An Investor’s Tips for

Structuring an Emerging Market Start-Up — Part I

At Digital Spring Ventures we think that smart structuring is important for any start-up. For emerging market businesses with outbound plans, a well thought out structure that works for your ambitions — and needs — is even more critical.

Andrew Dalton
Nov 18, 2019 · 7 min read
Illustration from Undraw

Step 1: Set up “a” company early on

Get an operating company

Clear allocation of ownership

While equity incentivization is an industry-wide practice that investors strongly encourage, if not administered and recorded properly, issues including ambiguity around exact ownership of a business can arise. A lack of clarity as to who holds what economic rights sows seeds for future division and discord amongst founders, team members, and even early investors. Worst of all, it can even result in distraction from the job in hand — building the business.

While it’s not always essential to actually issue shares (indeed options over shares subject to vesting and differing “leaver” treatment are often a better solution as your team and business grows) — or even strictly necessary to already have a company in place to clearly record ownership agreements — it’s in everybody’s best interests to clearly agree ownership from the outset in writing. Having a basic corporate “capital table” to work from is usually the clearest, easiest and most robust way to administer this as the number of stakeholders grows.

Intellectual property protection

From an investor’s perspective, any lack of certainty as to formal ownership (or at least usage rights) of the product or any critical intellectual property being created or used by your business not only undermines your professional credibility but may diminish valuation or, in extreme cases, even investability of the business.

As such all business-critical intellectual property must belong to the corporate structure that investors are putting their hard-raised dollars into. The automatic vesting of intellectual property into an “employer” company cannot be guaranteed under local law in many jurisdictions, so the simplest step to protect your businesses is to have all people involved in product development in any capacity whatsoever sign an agreement at the outset with the company assigning all intellectual property to the entity.

Other benefits

Step 2: Build the structure to power your future growth

Illustration from Undraw

Pick the right jurisdictions

However, for start-ups in many emerging markets, local shortages of Series A and particularly Series B capital and beyond will push founders to look beyond their home market for investors.

At the same time, businesses — especially B2B models — looking to expand beyond their home market will also need to consider the needs of their future international counterparties.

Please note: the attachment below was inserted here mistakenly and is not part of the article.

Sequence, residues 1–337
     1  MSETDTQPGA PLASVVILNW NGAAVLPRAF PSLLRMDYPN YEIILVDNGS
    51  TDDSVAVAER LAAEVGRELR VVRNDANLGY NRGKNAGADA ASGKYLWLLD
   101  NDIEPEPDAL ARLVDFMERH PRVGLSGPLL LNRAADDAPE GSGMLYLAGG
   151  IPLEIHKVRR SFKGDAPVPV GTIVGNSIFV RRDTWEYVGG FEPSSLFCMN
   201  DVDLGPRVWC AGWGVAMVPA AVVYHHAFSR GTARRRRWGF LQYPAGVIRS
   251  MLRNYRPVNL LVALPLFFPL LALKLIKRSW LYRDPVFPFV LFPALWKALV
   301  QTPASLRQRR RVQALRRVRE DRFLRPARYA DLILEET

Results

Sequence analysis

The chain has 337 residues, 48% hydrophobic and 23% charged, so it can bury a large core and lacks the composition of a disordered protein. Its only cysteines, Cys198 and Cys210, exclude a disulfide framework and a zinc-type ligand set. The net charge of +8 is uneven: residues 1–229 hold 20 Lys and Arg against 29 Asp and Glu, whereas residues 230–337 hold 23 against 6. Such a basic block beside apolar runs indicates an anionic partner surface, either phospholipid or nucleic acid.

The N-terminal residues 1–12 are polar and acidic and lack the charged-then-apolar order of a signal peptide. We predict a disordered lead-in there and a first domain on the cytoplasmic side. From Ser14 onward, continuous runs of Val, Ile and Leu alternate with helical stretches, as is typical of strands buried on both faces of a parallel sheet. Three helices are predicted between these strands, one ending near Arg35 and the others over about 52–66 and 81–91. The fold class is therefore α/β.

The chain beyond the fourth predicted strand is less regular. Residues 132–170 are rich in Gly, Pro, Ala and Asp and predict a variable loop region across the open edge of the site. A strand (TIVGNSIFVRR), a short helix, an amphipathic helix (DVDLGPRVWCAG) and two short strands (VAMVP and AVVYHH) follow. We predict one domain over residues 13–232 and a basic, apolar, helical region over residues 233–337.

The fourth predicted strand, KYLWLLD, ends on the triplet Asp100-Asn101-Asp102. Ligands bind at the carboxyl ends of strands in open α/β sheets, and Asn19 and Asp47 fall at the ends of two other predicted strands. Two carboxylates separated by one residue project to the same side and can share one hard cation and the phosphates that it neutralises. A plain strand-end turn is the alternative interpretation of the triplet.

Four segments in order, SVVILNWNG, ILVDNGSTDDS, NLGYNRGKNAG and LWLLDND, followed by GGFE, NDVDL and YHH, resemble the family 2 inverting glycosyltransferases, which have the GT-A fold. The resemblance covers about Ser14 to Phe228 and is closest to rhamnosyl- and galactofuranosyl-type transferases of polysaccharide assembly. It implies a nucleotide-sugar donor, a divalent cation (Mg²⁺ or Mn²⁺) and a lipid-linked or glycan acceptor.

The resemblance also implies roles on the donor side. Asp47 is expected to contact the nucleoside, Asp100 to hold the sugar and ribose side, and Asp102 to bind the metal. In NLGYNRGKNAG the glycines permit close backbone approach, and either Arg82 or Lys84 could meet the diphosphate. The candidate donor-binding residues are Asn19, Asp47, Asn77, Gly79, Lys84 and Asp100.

Typically, both cross border investors and multinational corporates will prefer or even need to deal with a company in another “appropriate” jurisdiction that can be inserted as a parent “holding company” above your existing domestic operating company.

There are a few considerations to factor in when choosing the right country for your holding company:

Familiarity and reputation of the jurisdiction

The same rules largely apply to international corporate counterparties as to investors.

However if you anticipate selling your products to US enterprise clients or global corporates with highly-sensitive legal, tax and compliance teams you would be well advised to make sure that your chosen holding jurisdiction is considered to be adequately blue-chip (e.g. Western European).

If your key customer targets will be the Microsofts and Oracles of this world, a counterparty based in Luxembourg or the Netherlands is far more likely to be comfortable than an entity based a far-flung exotic island nation, tarred by reputational damage around aggressive tax structuring and inadequate transparency.

Tax efficiency

However, not all double taxation treaties are born equal, so it’s important to understand both the specific terms between the two countries and also to verify that “claiming relief” under the treaty in question is a well-worn path that has been successfully claimed by comparable structures.

The legal and judicial system

Having a holding company in a stable jurisdiction with a strong history of the rule of law is particularly comforting for investors into emerging market start-ups.

Additionally, holding the business’ intellectual property in a holding company situated in a stable jurisdiction ensures that the key assets of your business are insulated from the risk unpredictable or corrupt practices that may affect entities in less robust or developed jurisdictions. Your likely investors will typically already be exposed to technology/business model risk as well as possibly EM economic and currency risks, and adding (or removing) another dimension of risk can fundamentally impact the willingness of non-domestic investors to invest.

Adequacy of corporate law system

Likewise, shareholder’s agreements (another key investor protection) are of question enforceability in some jurisdictions, while strict restrictions on the permitted number of shareholders in a private company exist in others. It is, therefore, essential that a jurisdiction with the appropriate corporate law regime is chosen for your business.

In Part II we look closer at nominee arrangements, banking and structures designed to power a successful exit.

Digital Spring Ventures

Stories from the DSV team & portfolio companies.

Andrew Dalton

Written by

Partner at Digital Spring Ventures

Digital Spring Ventures

Stories from the DSV team & portfolio companies.

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Structuring an Emerging Market Start-Up — Part II

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